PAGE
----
Genetically engineered probiotics
My proposed research platform will focus on three areas: 1) developing new genetic tools for cellular communication in prokaryotes and eukaryotes; 2) establishing new hosts for the production of bioactive compounds and 3) unifying my investigations in dynamic regulation and natural product synthesis towards the application of genetically engineered probiotics to treat gastrointestinal diseases.
A genetically engineered bacterium can overcome the multifactorial challenges of drug resistance. The bacteria can actively target the tumor site without producing the anticancer compound, reducing off-site toxicity. After reaching the tumor, the bacteria can burrow past the extensive ECM into the hypoxic tumor core. Once the bacteria has colonized the tumor, genetic switches can activate multiple therapies that target parallel disease pathways resulting in complete tumor elimination.
During my PhD, I established a foundation in synthetic biology, a rapidly advancing discipline that impacts many aspects of society. With my background in mathematical modeling during my MS in chemical engineering, I sought to bring engineering rigor to my studies in cellular communication under the guidance of Dr. William Bentley. I elucidated the mechanisms in intra- and interkingdom communication systems and leveraged this understanding to genetically engineer bacteria for bioengineering and biomedical applications.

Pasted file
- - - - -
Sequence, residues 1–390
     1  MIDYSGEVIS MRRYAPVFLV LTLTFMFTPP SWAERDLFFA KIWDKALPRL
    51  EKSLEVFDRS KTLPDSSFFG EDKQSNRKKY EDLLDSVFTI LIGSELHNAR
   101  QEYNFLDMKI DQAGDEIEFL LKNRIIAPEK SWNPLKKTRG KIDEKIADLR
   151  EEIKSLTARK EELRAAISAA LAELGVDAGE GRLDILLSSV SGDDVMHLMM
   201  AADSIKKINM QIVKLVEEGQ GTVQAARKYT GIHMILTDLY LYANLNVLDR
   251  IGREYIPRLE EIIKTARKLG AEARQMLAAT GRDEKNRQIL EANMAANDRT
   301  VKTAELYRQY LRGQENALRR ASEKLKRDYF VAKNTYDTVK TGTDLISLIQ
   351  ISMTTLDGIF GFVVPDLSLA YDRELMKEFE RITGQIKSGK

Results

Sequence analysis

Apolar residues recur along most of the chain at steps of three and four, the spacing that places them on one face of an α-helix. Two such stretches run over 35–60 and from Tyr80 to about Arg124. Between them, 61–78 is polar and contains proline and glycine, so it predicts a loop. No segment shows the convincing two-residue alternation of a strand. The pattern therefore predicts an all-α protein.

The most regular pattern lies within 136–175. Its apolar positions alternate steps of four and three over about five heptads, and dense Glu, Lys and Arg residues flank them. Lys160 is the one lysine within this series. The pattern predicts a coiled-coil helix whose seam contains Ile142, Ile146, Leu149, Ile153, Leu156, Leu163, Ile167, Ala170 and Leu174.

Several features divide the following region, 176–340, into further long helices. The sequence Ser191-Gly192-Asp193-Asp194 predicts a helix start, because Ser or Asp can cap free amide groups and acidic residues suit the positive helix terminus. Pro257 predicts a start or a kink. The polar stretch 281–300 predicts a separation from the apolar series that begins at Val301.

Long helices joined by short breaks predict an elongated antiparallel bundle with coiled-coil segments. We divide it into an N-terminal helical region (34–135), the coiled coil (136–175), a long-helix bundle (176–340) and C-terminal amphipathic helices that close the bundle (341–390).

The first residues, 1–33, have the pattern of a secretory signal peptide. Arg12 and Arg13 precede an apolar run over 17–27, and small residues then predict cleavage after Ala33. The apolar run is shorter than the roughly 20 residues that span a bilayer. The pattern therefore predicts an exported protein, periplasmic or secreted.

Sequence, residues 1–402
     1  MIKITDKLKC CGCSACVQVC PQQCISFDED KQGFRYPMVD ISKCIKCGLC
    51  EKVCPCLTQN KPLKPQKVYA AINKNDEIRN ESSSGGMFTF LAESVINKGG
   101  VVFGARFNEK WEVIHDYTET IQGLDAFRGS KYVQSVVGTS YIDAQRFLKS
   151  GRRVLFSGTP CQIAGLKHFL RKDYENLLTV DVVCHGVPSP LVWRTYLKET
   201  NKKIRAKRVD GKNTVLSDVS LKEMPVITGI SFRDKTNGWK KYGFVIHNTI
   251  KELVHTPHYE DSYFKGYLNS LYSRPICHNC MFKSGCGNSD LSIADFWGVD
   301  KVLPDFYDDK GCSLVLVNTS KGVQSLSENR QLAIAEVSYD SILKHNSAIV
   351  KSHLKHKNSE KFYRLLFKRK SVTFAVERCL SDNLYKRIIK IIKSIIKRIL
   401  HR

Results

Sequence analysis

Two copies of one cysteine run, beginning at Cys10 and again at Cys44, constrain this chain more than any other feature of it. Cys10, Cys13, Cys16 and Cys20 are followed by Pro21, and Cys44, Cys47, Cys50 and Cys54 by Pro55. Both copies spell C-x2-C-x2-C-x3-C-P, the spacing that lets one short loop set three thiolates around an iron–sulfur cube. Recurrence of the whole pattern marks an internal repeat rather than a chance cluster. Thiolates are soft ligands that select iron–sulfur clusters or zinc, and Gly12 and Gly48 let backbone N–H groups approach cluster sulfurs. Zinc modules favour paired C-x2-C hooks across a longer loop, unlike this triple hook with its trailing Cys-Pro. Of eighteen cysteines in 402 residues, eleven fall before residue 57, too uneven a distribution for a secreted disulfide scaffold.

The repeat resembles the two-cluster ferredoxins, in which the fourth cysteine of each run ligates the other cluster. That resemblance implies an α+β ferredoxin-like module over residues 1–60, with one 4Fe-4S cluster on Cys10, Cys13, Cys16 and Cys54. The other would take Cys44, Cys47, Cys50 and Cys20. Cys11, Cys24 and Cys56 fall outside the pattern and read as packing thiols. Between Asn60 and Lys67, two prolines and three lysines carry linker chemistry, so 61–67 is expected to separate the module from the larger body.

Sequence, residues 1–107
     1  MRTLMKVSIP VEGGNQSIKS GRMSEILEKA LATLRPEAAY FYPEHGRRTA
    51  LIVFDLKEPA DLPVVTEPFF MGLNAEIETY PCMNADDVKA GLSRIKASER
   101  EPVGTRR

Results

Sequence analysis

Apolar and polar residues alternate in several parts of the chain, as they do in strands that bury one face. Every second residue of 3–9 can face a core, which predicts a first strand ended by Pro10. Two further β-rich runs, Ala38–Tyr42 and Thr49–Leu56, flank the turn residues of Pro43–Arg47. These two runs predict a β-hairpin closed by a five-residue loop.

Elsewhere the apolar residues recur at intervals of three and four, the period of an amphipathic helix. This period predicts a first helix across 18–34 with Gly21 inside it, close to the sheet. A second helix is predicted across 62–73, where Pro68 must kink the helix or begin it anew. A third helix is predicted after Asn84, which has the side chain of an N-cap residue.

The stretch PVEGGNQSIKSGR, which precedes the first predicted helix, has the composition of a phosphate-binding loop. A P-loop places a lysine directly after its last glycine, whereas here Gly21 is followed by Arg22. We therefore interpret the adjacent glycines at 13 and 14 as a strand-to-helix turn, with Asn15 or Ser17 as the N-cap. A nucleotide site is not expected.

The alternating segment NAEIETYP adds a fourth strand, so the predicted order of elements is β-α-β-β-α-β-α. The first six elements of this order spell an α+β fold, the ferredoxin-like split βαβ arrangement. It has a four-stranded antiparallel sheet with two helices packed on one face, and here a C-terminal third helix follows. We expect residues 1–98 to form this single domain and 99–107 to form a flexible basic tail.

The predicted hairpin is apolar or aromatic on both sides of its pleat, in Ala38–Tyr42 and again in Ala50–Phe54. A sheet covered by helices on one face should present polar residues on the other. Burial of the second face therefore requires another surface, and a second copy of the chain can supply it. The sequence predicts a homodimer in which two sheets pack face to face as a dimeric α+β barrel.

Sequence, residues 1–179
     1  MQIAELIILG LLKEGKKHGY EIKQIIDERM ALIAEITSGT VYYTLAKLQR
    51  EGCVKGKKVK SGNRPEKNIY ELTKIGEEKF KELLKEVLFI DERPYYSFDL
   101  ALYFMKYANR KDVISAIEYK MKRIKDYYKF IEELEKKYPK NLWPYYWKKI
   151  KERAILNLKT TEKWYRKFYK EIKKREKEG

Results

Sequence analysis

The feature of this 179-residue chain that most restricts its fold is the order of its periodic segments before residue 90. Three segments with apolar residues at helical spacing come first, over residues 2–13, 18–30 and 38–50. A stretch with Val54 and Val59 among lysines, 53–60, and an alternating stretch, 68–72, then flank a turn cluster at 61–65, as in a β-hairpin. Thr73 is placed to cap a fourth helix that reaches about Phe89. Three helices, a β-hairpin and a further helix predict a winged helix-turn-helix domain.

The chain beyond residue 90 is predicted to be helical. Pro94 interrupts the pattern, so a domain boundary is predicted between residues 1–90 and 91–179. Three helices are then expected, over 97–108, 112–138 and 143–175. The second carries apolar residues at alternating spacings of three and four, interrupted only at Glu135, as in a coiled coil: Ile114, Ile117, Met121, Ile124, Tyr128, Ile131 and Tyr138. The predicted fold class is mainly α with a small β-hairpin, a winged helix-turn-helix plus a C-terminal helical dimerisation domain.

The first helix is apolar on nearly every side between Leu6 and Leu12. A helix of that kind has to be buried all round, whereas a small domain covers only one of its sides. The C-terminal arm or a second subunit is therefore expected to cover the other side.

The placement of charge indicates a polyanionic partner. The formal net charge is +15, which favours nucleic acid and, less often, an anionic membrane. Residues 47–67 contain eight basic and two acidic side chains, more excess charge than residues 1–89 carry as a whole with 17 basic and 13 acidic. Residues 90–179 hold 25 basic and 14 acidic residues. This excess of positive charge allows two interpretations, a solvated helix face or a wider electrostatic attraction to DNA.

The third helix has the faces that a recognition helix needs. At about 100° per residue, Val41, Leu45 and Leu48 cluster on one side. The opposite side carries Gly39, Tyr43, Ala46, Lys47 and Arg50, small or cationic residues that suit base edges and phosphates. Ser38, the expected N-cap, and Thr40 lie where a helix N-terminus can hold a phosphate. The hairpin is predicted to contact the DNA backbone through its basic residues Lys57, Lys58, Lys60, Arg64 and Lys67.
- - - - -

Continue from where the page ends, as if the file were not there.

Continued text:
As a postdoctoral scholar in Dr. Jay Keasling’s laboratory, I have learned to design and manipulate the enzymes and pathways that lead to high-value products. I was awarded the NIH F32 National Research Service Award (NRSA) fellowship to develop an in-depth expertise in polyketide synthases (PKSs), a modular assembly-like enzyme that is responsible for the production of many pharmaceutical drugs. Informed by phylogeny and based in chemoinformatics, my work has advanced a new paradigm in manipulating these enzymatic pathways, and we have applied this knowledge to programmatically produce high-value chemicals in Streptomyces albus.
By marrying my graduate school expertise of dynamic regulation with my knowledge in metabolic pathways, I am developing a generalizable platform to produce disease-fighting molecules in the gastrointestinal system. Through a just-in-time release mechanism, genetically engineered probiotics will release therapeutics only at the disease site and only when sufficiently accumulated. I submitted an NIH K99 Transition to Independence application as a therapy to treat colon cancer, which would represent a vertical advance in cancer probiotic therapy.